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[- Light of Falling Cars
By TreborScholz, Section review-a-rama
Posted on Wed Oct 22nd, 2003 at 11:50:37 PM EURODISCORDIA TIME
In mid-October, the electronic musician and media artist Steven Vitiello, currently in residency at
Hallwalls Contemporary Art Center presented his work at the Department of Media Study, SUNY at Buffalo.


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Light of Falling Cars

Tony Conrad introduced Steven Vitiello's work, including his newly released CD "Light of Falling Cars."

Coming out of punk rock, Steven Vitiello realized that many structural filmmakers, such as Tony Conrad at the time, had a background in music. As Vitiello collaborates with many larger-than-life-famous video makers he had many opportunities to reflect on the process. He engages creatively in this collaborative process by, for example, delivering many hours of sound to a video maker whom Vitiello then leaves to his/her own devices in the creation of the piece, often resulting in unexpected editing.

A few years ago as part of a residency of the Lower Manhattan Cultural Council at the World Trade Center, Vitiello introduced contact microphones to the windows of the tower in the 94th floor to be able to record outside sounds. The presented soundscapes somewhat transported the listener onto the outside of the tower with raging winds, creating the feeling of a gigantic, cracking, and sinking ship.

At the prestigious Cartier Foundation Steven Vitiello exhibited photocells that create sounds... of light. With this exhibit, Vitiello explains, he was interested in the relationship between the exhibited physical object and the sound of light. He installs parts of his piece indoors "importing" outside sounds.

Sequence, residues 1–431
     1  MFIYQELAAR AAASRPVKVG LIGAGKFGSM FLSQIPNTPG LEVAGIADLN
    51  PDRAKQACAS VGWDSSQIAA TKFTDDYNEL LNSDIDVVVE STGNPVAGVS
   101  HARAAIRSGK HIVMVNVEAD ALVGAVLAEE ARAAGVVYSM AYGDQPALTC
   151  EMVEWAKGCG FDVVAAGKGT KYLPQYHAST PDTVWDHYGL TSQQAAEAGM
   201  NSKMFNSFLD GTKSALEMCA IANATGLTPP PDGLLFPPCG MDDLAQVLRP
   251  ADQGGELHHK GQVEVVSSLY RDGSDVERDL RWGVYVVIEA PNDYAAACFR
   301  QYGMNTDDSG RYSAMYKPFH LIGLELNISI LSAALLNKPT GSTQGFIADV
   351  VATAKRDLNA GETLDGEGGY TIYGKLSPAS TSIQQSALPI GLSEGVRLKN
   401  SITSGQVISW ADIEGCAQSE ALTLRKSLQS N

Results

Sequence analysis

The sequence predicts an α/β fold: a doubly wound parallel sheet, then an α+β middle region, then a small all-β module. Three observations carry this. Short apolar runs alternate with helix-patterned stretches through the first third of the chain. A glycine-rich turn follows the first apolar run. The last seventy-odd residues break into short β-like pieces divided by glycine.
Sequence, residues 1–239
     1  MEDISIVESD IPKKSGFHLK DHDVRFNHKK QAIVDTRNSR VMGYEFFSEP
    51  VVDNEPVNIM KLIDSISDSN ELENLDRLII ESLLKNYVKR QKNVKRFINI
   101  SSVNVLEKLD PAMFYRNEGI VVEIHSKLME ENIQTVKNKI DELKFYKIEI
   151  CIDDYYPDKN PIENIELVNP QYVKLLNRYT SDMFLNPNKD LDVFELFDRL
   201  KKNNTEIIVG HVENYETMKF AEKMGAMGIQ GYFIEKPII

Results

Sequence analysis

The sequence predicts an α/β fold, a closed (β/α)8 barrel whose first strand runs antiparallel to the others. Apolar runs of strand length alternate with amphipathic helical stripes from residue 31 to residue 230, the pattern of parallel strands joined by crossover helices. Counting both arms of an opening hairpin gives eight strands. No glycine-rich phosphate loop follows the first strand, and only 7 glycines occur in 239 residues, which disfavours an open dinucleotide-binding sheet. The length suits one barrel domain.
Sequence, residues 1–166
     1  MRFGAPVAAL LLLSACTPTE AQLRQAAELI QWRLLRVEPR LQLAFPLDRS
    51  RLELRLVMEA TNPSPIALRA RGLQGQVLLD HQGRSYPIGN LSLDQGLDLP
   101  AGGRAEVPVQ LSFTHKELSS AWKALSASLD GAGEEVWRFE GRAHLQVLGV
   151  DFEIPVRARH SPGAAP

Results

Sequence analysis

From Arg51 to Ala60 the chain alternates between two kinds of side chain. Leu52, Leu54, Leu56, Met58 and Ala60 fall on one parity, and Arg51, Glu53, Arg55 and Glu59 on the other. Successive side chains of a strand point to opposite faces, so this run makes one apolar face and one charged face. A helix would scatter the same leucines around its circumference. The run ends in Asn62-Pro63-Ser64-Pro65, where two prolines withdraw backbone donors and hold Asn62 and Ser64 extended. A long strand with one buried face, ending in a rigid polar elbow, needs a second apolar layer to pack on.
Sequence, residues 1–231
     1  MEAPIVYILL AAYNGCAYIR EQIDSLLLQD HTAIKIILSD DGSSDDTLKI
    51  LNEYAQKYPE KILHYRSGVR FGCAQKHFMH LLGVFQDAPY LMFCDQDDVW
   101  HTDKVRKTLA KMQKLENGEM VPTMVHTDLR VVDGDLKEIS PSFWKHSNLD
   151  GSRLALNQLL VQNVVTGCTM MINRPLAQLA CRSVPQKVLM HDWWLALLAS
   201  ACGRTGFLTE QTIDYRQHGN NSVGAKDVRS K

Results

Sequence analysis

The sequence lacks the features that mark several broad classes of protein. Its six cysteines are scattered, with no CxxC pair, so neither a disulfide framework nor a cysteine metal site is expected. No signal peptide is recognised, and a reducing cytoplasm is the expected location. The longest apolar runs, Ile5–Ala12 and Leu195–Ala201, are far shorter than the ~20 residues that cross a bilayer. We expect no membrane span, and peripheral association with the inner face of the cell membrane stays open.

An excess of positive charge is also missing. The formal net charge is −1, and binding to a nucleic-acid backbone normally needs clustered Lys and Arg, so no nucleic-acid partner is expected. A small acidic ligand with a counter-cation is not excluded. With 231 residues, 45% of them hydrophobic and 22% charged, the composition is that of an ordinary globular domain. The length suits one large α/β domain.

Listening to Vitiello's presentation we look at the projected interface of the Pro-Tools software. While listening to the sounds, the technology of its creation becomes part of the presentation of the sounds.

A recurring theme in Vitiello's work is the tension between inside and outside, the way in which sound relates to space, our perceptions of space, the way the spectator inhabits space. "True art or not," Vitiello says, "I'm interested in dialogue between myself and a place, the listener and the place. The microphone is my instrument."

Responses of visitors who experience his works in exhibitions are similar to those of online audiences who drift through web sites. The visitor enters the room and may be disappointed by the absence of sensational objects or unusual materials and leaves straight away. Others stay for a long time exploring the development of the piece over time, making out in a corner or trying to figure out the technical background of his piece(s).
Interestingly, and also not unlike many web artists, Vitiello hesitates to explain his works too much in an exhibition context. He finds it disappointing when things become too clear, too educational. The user manual remains absent and
visitors keep walking in and out.

Other sound experiments included the recording of sound of a gliding airplane, that of an ant walking over a contact mic in the desert, and the many sounds of frogs and birds.

For their life the sounds in Vitiello's presentation depend on the story behind them. The reception of the sound is dependent on the story and accompanying images, which partner with the sound piece and make the listener/ viewer question the authenticity of the sound. Sounds presented as recordings from a six-day stay in the Amazon may as well be found online. The images of villagers may as well be scanned from the last issue of National Geographic. Vitiello's work questions this tension that is also immanent in the work of Lothar Baumgarten who staged a documentary about an African tribe in a forest outside of Cologne.

Vitiello's favorite sites:

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